Oxygen movie review: Mélanie Laurent thrills in Alexandre Aja's sci-fi take on the 'you wake up in a room' trope

·4 min read

Language: French

The travails of a protagonist struggling to sustain herself against a limited supply of oxygen may seem like a particularly uncanny mirror to the reality of India's second COVID-19 wave, but that isn't the only reflection of present times in Alexandre Aja's Oxygen. Starring Mélanie Laurent as Omicron-267, a "bio form" trapped in a cryogenic chamber that is fast depleting its reserves of oxygen, Aja's latest is a refreshing sci-fi take on the "you wake up in a room" trope.

The opening sequence is rife with meaning: a woman (Laurent) emerges, gasping, from a cocoon. The red hue of the enclosed space she is in resembles a womb; her movements are of an embryo breaking free of its sac. But the same setting and actions could also indicate death: the cocoon is really a shroud, the chamber a coffin in which the woman has been confined alive. Both interpretations of the scene are correct, as we'll find out.

The woman gleans a few clues when she awakens: she is evidently in a cryogenic chamber meant to preserve her body, her functions are being monitored by an AI system called MILO, the oxygen level is dangerously low. She has no memory of who she is or how she got there, nor does it seem like anyone outside the chamber is aware of her existence. She fights her frantic response to her claustrophobic prison by drifting into tantalising glimpses of a barely remembered childhood and time spent outdoors. Then, with a countdown on how long she has in order to survive, little over an hour, she attempts to use MILO to contact someone on the outside, unlock the chamber, and reconstruct her own story and identity.

MILO, in the way of a perfectly neutral processing system, is both prompt assistant and aggravating foe. Its primary goal is to ensure the longevity of the "bio-form" known as Omicron-267, but it is a bland and empathy-less entity, wholly impervious to its charge's struggles. Against its unyielding interface, the woman seeks solutions to her situation. In doing so, Oxygen delves into the idea of self-awareness: what it means to gain cognisance of who you are as an organism, what you look like, what your senses tell you about yourself and the environment. As Omicron-267 discovers that she is in fact, a scientist called Dr Elizabeth Hansen and that her field of research had something to do with her current situation, as she looks upon a projection of her face for the first time €" we're watching a being come to terms with her own existence.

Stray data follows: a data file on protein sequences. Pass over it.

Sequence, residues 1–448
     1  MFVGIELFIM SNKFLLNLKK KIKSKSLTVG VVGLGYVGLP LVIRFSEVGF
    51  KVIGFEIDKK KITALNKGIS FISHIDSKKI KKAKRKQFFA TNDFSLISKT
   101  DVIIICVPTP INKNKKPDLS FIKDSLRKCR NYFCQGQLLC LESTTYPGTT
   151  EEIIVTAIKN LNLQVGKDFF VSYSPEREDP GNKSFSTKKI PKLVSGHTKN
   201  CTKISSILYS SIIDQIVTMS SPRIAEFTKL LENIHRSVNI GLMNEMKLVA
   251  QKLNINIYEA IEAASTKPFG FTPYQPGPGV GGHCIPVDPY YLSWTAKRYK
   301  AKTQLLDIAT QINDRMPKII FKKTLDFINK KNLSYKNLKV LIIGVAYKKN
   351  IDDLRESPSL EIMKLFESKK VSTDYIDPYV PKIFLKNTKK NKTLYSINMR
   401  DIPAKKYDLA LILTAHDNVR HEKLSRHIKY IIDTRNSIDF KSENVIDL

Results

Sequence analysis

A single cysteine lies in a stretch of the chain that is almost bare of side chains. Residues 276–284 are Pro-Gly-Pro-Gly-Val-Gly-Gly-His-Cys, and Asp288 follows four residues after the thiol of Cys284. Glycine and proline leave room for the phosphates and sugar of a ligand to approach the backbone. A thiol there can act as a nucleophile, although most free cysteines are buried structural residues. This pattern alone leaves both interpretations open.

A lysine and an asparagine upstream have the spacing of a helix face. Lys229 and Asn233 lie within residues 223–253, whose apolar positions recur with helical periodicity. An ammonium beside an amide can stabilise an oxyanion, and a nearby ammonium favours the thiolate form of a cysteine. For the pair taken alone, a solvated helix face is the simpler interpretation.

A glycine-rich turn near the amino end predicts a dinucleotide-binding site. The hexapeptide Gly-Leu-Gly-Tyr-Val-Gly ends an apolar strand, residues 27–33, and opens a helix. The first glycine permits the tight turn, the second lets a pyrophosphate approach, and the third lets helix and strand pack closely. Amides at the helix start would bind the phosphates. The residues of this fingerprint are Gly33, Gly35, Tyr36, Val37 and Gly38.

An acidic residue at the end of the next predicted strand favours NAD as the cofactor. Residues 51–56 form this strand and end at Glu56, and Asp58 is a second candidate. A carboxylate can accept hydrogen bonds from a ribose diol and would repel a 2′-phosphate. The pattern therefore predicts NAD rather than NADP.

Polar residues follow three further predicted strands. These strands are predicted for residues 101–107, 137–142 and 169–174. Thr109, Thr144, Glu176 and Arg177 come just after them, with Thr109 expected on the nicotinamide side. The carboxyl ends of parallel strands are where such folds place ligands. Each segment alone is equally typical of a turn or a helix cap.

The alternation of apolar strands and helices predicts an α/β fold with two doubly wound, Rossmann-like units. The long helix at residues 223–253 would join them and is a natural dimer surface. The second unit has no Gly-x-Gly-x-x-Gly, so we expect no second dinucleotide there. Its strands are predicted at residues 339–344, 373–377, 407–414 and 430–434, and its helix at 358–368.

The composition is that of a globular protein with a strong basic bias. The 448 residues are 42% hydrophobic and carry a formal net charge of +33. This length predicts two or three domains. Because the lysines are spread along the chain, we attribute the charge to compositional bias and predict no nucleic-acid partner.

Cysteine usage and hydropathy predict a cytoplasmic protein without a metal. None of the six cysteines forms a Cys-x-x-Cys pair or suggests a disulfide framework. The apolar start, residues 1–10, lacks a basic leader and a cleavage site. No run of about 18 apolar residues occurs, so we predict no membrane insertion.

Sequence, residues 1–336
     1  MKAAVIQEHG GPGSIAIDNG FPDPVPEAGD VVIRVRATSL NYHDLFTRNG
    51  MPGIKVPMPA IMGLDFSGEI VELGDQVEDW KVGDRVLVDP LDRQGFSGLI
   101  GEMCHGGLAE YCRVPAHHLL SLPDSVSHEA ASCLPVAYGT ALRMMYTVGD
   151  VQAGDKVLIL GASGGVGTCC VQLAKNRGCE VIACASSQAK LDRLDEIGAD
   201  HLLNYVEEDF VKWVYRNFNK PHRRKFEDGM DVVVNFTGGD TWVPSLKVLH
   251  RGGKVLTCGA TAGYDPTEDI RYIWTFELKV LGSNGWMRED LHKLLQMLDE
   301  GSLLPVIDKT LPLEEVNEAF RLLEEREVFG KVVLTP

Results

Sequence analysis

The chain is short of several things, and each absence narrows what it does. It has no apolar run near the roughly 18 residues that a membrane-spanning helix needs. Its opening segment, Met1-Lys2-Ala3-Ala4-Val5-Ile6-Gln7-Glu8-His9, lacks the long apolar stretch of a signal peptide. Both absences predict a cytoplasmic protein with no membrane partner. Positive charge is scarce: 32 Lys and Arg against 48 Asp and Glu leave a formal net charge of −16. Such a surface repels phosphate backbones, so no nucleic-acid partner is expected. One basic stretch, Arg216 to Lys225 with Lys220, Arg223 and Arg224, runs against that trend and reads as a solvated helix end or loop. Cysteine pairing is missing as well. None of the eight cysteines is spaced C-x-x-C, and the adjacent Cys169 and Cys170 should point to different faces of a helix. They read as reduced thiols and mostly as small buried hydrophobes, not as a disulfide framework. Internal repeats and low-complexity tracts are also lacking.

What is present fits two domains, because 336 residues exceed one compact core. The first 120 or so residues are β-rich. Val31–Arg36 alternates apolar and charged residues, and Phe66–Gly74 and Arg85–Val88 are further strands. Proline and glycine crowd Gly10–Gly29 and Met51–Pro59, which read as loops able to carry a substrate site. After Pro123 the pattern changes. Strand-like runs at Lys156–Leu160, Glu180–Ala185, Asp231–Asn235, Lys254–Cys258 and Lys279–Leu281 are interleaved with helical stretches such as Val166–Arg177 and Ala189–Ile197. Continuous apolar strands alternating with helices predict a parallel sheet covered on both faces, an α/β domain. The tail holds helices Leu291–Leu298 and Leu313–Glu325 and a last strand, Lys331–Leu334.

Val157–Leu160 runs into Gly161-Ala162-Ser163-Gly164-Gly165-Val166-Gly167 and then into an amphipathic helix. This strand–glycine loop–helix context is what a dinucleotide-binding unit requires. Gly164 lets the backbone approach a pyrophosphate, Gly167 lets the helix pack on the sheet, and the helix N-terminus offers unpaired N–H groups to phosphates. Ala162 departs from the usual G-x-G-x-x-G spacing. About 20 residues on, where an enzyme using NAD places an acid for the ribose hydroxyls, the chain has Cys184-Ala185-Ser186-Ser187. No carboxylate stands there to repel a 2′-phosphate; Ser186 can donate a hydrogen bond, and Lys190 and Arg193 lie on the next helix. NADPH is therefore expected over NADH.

As Elizabeth €" Liz €" gains consciousness, we see her cycle through hope, whenever a brief chimera of escape appears, only to inevitably despair when it proves untenable. Liz is also fighting her own mind: hallucinations, memories that dissipate even before they take shape telling her only half the story she needs to know, an inability to determine what is real and what is not. She has to find a way to focus on only the essential truths: her body, a few facts, MILO. The answers have to be found within the stifling contours of her box, through the physical sensations that let her access her memories.

Aja and writer Christine LeBlanc keep the tension at fever pitch as Liz tries to beat the clock and her own mind. Laurent has little to work with €" be it the range of movement she's allowed (the chamber has just enough wriggle room to raise her upper torso by a few degrees) or the disembodied voices that serve as her co-stars for the most part. But she invests Liz with all of the panic, anger, frustration, acceptance and resilience that the character needs to make the viewer invested in her predicament. Liz is a gritty protagonist: she is not paralysed into inactivity because her choices are difficult or have less than optimal outcomes. She's going to fight for her life regardless.

Oxygen doesn't have a wholly convincing ending, in part because as tightly constructed as the parts within the chamber are, Aja and LeBlanc falter when it comes to the rather expansive narrative of the world outside, leaving the details nebulous. Overall though, this is a thrilling watch, as much for its concept and the questions it raises about what it means to be conscious, as for its exploration of what humans are willing to do to survive.

Oxygen is currently streaming on Netflix. Watch the trailer here €"

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